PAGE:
ANDREW: She’s… You never told me that… Has she always
ETHAN: No, the breasts are new.
ANDREW: That’s not what I - I mean is she dating anyone right now?
ETHAN: Don’t think so.
ANDREW: Is she deathly afraid of the possibility of seeing someone?
ETHAN: No, as far as I can tell she’s a perfectly well adjusted human being.
ANDREW: Okay. Good. Right. Thanks.
ETHAN: You totally want to have her babies.
ANDREW: And so begins the ever awkward mating dance of the high school teenager. That amazing chemical
reaction occurs that suddenly dissolves any ability I might have previously had to be casual. Hence
conversations like the following.
JEN: Hey, so like-
ANDREW: Ha ha ha!
JEN: What’s so funny?
Jesus Christ, I’m Sorry
ANDREW: Nothing. Nothing! I was just. Thinking. About something else. Sorry, you were saying?
JEN: Uh, what did you get up to yesterday?
ANDREW: I-uh, don’t remember.
ANDREW: And hopefully neither of us will remember this conversation.
Lost, I find myself in front of Ethan and Seth during a free period, bemoaning my inability to come up with
the right thing to say. It’s the usual ramblings, trying to come to terms with the impossibly real terror of
rejection and the desire to make a move while I still have the smallest amount of self respect left. Seth
wanders away, abandoning Ethan to my insecurities until the bell announces next period. I wind my way
down to my next class and am intensely shocked to see Jen waiting for me as I turn the last corner.
JEN: Hey Andrew
ANDREW: Jen! What brings you out here?
JEN: So, uh, Seth tells me that you kinda like me?
ANDREW: … Yes. I do.
JEN: Well, I kinda like you to. You wanna go see a movie or something on the weekend?
ANDREW: That would be awesome.
And it was. That, by the way, would have been the moment where Seth grew on me.
(Andrew sits beside a suitcase. He thinks for a while, then dials a number on a phone)
ANDREW: Hey Jen.
JEN: Oh Andrew! Hey! What’s up?
ANDREW: Oh, not a lot, just, felt like giving you a call. Almost finished getting ready for the trip tomorrow.
JEN: Yeah, me too.
ANDREW: Pretty exciting, eh?
JEN: Totally, totally.
(They have a moment of silence, as they contemplate the elephant in the room)
JEN: Well, listen, I’ve really got to-
ANDREW: Do you want to talk about why you’re avoiding me?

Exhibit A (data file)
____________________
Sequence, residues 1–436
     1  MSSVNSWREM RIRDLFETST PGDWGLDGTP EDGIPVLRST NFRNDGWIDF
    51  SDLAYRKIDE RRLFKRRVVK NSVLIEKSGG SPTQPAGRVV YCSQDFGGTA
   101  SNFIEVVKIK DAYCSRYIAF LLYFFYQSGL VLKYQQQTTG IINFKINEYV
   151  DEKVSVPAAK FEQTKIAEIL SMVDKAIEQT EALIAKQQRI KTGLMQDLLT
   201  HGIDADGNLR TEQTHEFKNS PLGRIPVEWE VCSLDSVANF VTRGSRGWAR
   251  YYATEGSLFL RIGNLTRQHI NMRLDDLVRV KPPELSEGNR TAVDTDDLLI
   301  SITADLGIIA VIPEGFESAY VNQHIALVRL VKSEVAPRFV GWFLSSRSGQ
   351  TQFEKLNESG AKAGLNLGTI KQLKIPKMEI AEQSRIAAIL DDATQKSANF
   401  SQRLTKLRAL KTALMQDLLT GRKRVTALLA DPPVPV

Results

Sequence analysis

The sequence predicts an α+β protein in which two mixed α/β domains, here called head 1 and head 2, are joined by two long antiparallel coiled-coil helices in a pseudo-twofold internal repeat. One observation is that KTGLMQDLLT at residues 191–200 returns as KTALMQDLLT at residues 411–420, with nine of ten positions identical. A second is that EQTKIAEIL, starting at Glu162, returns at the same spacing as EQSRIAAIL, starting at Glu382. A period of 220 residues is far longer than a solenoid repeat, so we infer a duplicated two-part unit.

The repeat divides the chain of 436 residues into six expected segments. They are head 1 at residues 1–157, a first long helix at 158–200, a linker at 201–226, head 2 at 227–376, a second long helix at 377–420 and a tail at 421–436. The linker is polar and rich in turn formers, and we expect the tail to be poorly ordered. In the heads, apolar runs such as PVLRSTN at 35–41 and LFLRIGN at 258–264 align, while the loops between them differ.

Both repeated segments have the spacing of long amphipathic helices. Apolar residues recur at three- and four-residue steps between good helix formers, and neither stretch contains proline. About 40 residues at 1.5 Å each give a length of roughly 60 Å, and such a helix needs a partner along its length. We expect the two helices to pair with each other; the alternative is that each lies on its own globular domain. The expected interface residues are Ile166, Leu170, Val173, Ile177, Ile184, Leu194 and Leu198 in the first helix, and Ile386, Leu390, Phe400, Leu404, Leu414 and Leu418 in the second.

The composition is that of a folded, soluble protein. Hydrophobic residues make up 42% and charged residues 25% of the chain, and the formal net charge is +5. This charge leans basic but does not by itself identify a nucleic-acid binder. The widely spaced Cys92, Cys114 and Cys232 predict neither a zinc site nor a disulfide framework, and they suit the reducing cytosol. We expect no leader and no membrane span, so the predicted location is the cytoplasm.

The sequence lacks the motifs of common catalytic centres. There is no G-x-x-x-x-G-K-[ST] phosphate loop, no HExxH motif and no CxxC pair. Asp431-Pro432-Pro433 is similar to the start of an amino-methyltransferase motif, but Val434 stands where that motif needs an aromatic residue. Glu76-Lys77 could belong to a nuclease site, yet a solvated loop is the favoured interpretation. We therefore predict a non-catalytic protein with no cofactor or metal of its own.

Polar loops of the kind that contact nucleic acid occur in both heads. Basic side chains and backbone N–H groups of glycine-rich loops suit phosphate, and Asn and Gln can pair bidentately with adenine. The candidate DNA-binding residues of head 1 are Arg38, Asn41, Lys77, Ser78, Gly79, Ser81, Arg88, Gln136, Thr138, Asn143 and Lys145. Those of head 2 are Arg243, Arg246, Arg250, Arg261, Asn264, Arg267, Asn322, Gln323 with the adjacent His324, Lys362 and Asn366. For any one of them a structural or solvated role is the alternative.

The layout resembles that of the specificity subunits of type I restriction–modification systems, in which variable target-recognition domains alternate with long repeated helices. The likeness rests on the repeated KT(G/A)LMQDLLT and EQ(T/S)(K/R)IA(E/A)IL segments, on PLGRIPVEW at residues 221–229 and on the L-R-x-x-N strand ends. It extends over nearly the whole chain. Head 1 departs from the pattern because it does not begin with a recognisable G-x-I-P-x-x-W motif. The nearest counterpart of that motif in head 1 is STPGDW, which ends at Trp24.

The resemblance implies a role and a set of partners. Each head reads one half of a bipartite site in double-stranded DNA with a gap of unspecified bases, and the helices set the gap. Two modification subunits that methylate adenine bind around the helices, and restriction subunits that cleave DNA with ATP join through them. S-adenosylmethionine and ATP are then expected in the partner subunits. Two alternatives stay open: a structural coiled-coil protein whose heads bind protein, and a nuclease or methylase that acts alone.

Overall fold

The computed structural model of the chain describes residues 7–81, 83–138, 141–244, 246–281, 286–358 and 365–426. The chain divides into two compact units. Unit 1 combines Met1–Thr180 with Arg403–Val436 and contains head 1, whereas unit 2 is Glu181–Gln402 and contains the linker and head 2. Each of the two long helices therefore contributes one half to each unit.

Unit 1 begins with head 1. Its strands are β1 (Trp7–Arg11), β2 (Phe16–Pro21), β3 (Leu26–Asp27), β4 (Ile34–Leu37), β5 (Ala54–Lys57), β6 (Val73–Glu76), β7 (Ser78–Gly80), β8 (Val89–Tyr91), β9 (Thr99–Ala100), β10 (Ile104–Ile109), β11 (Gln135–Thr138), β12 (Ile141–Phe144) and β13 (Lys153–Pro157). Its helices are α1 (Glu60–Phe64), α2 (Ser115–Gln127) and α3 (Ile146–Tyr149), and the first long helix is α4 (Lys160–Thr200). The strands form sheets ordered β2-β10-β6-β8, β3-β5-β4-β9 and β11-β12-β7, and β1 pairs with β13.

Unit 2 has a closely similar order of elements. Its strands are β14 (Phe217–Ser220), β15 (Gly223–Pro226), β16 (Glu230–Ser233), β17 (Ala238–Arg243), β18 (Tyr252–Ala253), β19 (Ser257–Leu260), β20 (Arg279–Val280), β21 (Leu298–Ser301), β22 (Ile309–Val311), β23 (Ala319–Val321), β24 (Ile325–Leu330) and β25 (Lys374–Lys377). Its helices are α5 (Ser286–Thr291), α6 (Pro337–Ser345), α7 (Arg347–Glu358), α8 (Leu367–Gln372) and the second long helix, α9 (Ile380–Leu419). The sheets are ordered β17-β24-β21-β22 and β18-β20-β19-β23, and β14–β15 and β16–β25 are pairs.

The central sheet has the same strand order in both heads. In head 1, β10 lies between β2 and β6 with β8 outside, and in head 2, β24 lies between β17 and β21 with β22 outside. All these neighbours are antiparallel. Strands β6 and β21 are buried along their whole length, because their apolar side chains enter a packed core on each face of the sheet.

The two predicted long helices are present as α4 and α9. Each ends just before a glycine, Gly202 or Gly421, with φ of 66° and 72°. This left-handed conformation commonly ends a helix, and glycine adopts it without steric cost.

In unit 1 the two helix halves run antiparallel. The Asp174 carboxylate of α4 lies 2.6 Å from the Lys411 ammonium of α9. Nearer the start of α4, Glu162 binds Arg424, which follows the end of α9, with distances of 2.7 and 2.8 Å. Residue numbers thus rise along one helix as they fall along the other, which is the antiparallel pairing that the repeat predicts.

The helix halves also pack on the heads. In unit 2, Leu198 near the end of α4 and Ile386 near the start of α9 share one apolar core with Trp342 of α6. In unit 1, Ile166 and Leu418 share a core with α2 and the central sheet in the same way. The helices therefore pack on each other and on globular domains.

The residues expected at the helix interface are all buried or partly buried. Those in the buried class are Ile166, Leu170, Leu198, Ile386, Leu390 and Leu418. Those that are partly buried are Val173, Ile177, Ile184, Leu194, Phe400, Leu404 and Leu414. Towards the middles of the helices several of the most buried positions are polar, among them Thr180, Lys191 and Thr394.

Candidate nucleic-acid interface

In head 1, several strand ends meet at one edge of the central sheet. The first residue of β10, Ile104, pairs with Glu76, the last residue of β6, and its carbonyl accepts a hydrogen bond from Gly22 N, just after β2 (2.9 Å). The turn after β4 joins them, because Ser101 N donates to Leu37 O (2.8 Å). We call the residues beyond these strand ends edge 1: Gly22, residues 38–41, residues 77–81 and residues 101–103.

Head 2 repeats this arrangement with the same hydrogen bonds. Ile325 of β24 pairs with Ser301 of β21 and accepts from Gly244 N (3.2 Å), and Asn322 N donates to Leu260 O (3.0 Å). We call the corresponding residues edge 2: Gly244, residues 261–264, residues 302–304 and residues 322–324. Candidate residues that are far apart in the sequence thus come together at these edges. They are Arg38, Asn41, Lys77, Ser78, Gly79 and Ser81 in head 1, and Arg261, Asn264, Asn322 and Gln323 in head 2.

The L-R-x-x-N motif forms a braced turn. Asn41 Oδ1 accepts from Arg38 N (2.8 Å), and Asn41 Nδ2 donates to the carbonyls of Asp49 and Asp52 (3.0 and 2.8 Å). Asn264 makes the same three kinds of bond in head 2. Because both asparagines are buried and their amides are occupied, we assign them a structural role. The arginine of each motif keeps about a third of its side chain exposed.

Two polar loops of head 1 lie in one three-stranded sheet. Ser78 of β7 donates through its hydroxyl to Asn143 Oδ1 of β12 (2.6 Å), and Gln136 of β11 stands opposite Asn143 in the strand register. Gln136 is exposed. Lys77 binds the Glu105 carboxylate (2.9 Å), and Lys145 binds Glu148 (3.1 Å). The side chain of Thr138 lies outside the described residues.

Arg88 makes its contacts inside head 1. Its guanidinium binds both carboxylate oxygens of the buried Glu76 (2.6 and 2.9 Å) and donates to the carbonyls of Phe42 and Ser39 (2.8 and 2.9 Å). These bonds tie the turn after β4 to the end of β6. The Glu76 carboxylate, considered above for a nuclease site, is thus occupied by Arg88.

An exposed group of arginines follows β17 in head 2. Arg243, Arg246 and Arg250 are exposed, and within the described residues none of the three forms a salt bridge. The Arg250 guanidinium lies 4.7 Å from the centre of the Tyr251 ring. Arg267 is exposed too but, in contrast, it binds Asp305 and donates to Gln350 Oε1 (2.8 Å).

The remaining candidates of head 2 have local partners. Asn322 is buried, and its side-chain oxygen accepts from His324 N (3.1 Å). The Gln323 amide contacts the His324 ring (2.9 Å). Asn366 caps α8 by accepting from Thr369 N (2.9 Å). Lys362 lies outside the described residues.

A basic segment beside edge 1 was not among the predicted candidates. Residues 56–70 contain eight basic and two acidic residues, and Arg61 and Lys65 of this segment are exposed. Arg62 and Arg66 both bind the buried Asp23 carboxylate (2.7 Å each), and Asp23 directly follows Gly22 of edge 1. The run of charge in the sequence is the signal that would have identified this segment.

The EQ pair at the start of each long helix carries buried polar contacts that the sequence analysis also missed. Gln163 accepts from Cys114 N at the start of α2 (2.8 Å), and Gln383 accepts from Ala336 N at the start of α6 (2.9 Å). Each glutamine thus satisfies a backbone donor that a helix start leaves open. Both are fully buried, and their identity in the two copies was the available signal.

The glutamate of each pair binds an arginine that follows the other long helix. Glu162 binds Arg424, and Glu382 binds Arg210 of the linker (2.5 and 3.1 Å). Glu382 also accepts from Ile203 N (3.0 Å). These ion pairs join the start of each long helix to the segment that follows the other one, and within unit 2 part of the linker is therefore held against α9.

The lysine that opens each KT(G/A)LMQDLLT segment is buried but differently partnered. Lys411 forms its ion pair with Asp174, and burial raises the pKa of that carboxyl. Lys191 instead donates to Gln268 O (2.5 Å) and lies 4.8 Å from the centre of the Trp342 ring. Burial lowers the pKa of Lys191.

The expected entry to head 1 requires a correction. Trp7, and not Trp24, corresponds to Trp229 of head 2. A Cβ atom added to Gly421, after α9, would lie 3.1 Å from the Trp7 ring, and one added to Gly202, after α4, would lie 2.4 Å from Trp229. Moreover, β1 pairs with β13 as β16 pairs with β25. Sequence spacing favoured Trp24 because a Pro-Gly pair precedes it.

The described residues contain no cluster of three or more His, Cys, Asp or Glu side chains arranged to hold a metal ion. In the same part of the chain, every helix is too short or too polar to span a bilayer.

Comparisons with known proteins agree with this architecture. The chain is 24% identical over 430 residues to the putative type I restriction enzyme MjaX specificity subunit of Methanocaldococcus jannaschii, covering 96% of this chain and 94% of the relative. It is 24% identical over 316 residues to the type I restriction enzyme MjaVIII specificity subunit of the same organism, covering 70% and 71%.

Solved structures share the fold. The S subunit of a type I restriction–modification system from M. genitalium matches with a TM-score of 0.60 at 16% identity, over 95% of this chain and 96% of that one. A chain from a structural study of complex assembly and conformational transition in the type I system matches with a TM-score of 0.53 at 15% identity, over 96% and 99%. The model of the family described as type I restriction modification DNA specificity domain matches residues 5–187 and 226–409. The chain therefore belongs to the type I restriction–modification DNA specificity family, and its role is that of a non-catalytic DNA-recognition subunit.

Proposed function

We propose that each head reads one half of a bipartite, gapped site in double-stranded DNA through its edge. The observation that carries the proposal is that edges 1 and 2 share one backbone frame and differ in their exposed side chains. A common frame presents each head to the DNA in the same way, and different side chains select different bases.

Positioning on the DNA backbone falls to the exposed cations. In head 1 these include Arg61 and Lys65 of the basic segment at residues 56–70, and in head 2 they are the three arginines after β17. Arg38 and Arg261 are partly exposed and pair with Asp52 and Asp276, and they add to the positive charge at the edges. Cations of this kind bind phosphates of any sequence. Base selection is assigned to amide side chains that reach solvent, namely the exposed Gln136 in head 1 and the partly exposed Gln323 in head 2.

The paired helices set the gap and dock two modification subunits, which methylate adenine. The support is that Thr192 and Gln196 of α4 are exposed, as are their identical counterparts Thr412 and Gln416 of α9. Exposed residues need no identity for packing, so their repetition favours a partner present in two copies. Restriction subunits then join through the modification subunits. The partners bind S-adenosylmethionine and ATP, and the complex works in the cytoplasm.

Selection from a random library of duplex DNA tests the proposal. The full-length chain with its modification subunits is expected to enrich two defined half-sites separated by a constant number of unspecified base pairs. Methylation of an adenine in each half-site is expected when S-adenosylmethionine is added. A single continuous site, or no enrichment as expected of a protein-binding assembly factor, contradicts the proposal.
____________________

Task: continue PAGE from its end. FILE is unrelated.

JEN: Well, Andrew. I think it’s kind of obvious.
ANDREW: Obvious? You know, I don’t really get that. Because, you know, if you hated me, that would be obvious.
Or even if you disliked me. If I smelled funny, or something. But I was under the impression that you and I
were getting along. That you liked me. That we liked each other.
JEN: Listen, I just figured if we tried to you know, forget what happened we could go back to the way things
used to be.
Jesus Christ, I’m Sorry
ANDREW: So, what? We forget that there’s anything between us?
JEN: Andrew, I do like you, I really do. But… we made a mistake.
ANDREW: And you thought that the best way to let me know that was avoiding me? Listen, our timing was really
messed up, I know. You had that trip and you were out of town and we didn’t really get to talk about.. it at
all. But I’m not sorry about what we did. Shit, can we be mature enough to say that “we had sex”? It’s
really not such a big deal.
JEN: Andrew, it’s a huge deal.
ANDREW: I don’t mean it like that. It meant a lot to me Jen, it means a lot to me. But I mean, we’re teenagers!
Statistically, that’s what we do.
JEN: I know that Andrew. Heck, some girls, it’s all they can talk about. But me… don’t take this the wrong way,
but I always thought that I’d wait until marriage, that it could be something special, something… holy
even. I mean, we really haven’t been going out that long and I want to be honest with you. And honestly, I
just don’t feel right. I don’t know if I was ready. If I am ready. For it. For us even.
ANDREW: (Beat) Are you breaking up with me?
JEN: (Beat) I don’t know. Well, no, but I need some space right now. I need to think.
ANDREW: Okay. That’s really clear, thanks.
JEN: I means I need to think Andrew and I don’t know if I will be able to think with the retreat and everything
else going on. I mean don’t you worry? About what God thinks?
ANDREW: I don’t know. God thinks a lot of things. I mean, some parts of the bible say to slay your enemies,
and others say to turn the other cheek. What, you think we’ve just damned ourselves or
JEN: I said Andrew, I really don’t know. Anyway, I do have to get going. I’ve still got a bunch of other
stuff to do before we leave. But we will talk about this, we will.
ANDREW: I gotcha. I… yeah. Jen, I just want you to know... (beat) Everything is going to be okay.
JEN: I hope so. Bye.
(She hangs up. Andrew sits with the phone to his ear as the dial tone begins to bleet at him.)
(Andrew walks towards the bible and enters into the monologue light. He is frustrated. He reads a few pages, and cannot
continue. He tosses the book back onto the stool.)
Changes. Start of senior year. I arrive at church one morning. Ethan and his dad aren’t there, not a big
deal. When I go downstairs to join the youth group, Steve excitedly offers us a challenge: Design a
worship service for the congregation. Protestant churches, from my experience at least, are rife with the
eternal struggle between “The Old People Who Are Deathly Afraid of Change” and “The Young People
Who Are Getting The Hell Out of There if Something Doesn’t Change Soon.” This is our big chance.
We’ve got a month of come up with our service- Contemporary worship songs, a youth-written sermon,
the works. This is the kind of change Ethan and I were waiting for. When I head home, he’s waiting for
ANDREW: Ethan! Where were you today? I’ve got huge news.
ETHAN: Me too. Dad out of town?
ANDREW: Yeah, business for a couple of weeks.. What’s your news?